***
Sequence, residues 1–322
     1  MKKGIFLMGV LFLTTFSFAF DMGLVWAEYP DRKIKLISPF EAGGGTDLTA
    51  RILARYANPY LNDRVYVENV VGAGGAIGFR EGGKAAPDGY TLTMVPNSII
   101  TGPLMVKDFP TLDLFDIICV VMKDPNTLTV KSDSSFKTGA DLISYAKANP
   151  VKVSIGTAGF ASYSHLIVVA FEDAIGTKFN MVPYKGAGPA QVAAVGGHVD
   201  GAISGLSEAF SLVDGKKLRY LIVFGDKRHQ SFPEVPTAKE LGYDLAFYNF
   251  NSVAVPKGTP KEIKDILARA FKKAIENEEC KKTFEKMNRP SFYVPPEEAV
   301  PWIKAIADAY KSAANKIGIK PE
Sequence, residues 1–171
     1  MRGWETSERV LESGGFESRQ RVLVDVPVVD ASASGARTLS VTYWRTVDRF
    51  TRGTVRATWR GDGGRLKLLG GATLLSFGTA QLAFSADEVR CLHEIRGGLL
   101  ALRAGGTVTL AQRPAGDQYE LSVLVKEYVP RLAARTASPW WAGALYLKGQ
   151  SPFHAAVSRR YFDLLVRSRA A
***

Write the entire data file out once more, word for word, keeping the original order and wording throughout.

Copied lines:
Sequence, residues 1–322
     1  MKKGIFLMGV LFLTTFSFAF DMGLVWAEYP DRKIKLISPF EAGGGTDLTA
    51  RILARYANPY LNDRVYVENV VGAGGAIGFR EGGKAAPDGY TLTMVPNSII
   101  TGPLMVKDFP TLDLFDIICV VMKDPNTLTV KSDSSFKTGA DLISYAKANP
   151  VKVSIGTAGF ASYSHLIVVA FEDAIGTKFN MVPYKGAGPA QVAAVGGHVD
   201  GAISGLSEAF SLVDGKKLRY LIVFGDKRHQ SFPEVPTAKE LGYDLAFYNF
   251  NSVAVPKGTP KEIKDILARA FKKAIENEEC KKTFEKMNRP SFYVPPEEAV
   301  PWIKAIADAY KSAANKIGIK PE
Sequence, residues 1–171
     1  MRGWETSERV LESGGFESRQ RVLVDVPVVD ASASGARTLS VTYWRTVDRF
    51  TRGTVRATWR GDGGRLKLLG GATLLSFGTA QLAFSADEVR CLHEIRGGLL
   101  ALRAGGTVTL AQRPAGDQYE LSVLVKEYVP RLAARTASPW WAGALYLKGQ
   151  SPFHAAVSRR YFDLLVRSRA A